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Metastatic breast cancer goes undiagnosed for too long

GPs and leading charity call for support for GPs, better diagnostics, longer with patients and greater awareness of secondary breast cancer

Louise Prime

Friday, 11 October 2019

GPs need better access to the right diagnostics and more time with their patients to enable them to diagnose cases of metastatic breast cancer more quickly, the Royal College of GPs (RCGP) insisted this morning. New research* from Breast Cancer Now has revealed that many people with secondary breast cancer had experienced delays in diagnosis, amid continued challenges for healthcare professionals in recognising its signs and symptoms – so it is calling for better support for GPs and for action to raise awareness of what secondary breast cancer is.

A survey for the charity of 2,102 people living with secondary breast cancer in the UK took place from June to August this year. It revealed that:

  • Among women who had previously been treated for primary breast cancer, nearly one in four (24%) had visited their GP three or more times with symptoms before being diagnosed with the return and spread of the disease.
  • Among respondents who had had a prior diagnosis of breast cancer (1,463 of 2,102 women), just 13% said they had been given enough information about the potential signs and symptoms of the return and spread of the disease to look out for after their initial treatment.
  • Among respondents who had visited their GP having previously been treated for breast cancer, 20% were treated for another health condition by their GP before eventually being diagnosed with secondary breast cancer.
  • Just 73% of respondents had been given the name of a clinical nurse specialist (CNS) at their diagnosis, with only 30% seeing a CNS regularly.

Breast Cancer Now is calling for new tools and resources for GPs, and urged that, in people who have previously been treated for primary breast cancer, non-specific but persistent signs and symptoms of metastatic breast cancer must be investigated and taken seriously. These include: unexpected weight loss or loss of appetite; discomfort or swelling under the ribs or across the upper abdomen; severe or ongoing headaches; altered vision or speech; feeling sick most of the time; breathlessness or a dry cough; loss of balance or weakness or numbness of the limbs; any lumps or swellings under the arm, breastbone or collarbone; pain in the bones (e.g. back, hips or ribs) that doesn’t get better with pain relief and might be worse at night. It said that although many of these symptoms can have other causes, patients should be encouraged to report any new and persistent symptoms so they can be assessed appropriately.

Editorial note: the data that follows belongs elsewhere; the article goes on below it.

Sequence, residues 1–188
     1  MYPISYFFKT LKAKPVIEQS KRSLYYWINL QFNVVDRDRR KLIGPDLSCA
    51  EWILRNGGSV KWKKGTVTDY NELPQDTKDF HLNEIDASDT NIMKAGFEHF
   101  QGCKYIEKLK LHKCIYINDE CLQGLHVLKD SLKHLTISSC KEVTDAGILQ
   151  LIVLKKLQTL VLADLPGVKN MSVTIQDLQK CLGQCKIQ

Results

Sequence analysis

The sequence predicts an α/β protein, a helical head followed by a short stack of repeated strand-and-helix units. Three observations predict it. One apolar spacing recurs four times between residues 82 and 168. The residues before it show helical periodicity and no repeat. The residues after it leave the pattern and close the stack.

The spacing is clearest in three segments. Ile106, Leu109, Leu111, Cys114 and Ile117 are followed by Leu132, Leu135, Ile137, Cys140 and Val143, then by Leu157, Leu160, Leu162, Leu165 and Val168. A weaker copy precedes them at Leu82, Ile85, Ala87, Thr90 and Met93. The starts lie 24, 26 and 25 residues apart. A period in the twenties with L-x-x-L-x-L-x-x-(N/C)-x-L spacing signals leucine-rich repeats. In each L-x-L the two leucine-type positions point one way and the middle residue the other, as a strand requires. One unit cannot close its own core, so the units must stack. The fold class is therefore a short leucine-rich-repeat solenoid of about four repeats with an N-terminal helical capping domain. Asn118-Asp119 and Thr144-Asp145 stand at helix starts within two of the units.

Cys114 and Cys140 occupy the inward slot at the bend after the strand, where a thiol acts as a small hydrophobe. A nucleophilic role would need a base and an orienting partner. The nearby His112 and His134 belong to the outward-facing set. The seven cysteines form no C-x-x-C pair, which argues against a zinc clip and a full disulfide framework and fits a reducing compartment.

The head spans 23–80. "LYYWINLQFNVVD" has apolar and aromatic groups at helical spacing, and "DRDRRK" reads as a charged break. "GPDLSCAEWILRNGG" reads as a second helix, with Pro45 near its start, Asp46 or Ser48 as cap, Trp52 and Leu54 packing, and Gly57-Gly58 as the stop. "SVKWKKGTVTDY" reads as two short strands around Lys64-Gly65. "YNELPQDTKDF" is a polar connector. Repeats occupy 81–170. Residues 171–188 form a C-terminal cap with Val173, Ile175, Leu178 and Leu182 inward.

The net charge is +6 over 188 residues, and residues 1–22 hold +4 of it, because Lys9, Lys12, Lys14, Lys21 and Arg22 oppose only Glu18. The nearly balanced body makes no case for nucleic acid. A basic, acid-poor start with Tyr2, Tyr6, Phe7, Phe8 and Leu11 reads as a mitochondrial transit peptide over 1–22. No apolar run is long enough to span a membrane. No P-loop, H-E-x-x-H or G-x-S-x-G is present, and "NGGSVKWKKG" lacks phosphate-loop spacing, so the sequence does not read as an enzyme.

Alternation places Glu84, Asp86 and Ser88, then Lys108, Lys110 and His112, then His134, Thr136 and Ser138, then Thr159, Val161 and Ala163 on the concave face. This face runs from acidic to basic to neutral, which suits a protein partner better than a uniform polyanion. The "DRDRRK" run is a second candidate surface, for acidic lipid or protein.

The RCGP said that GPs are highly trained to spot cancer, but agreed that they need more diagnostics – and more time with their patients. College chair Professor Helen Stokes-Lampard commented: “GPs… understand the importance of timely cancer diagnosis and are highly-trained to identify possible symptoms of cancer and its recurrence. But some symptoms are very difficult to interpret because they are vague in the initial stages, or indicative of other, more common conditions – in other cases, there may be no symptoms at all.

“We are actually making positive progress on cancer diagnosis in primary care, but GPs must have better access to the right diagnostic tools in the community and the appropriate training to use them.

“Over one million patients will visit their GP surgery today alone, but the number of GPs has not kept pace with patient demand, and the traditional 10-minute consultation is no longer enough for patients with complex needs. We urgently need greater investment in our family doctor service so that we are properly resourced and can give our patients the time they need.

“Cancer is an enduring priority for the RCGP, and we have worked with Cancer Research UK, Macmillan and others to develop excellent resources to support GPs and other healthcare professionals in the timely diagnosis of all cancers.”

Breast Cancer Now is petitioning the secretary of state for health and social care, the cabinet secretary for health and sport, the minister for health and social services and the secretary of state for Northern Ireland to support its recommendations to improve the diagnosis, treatment and support offered to people living with secondary breast cancer.

*Good enough? Breast cancer in the UK. A report prepared by Breast Cancer Now, October 2019.

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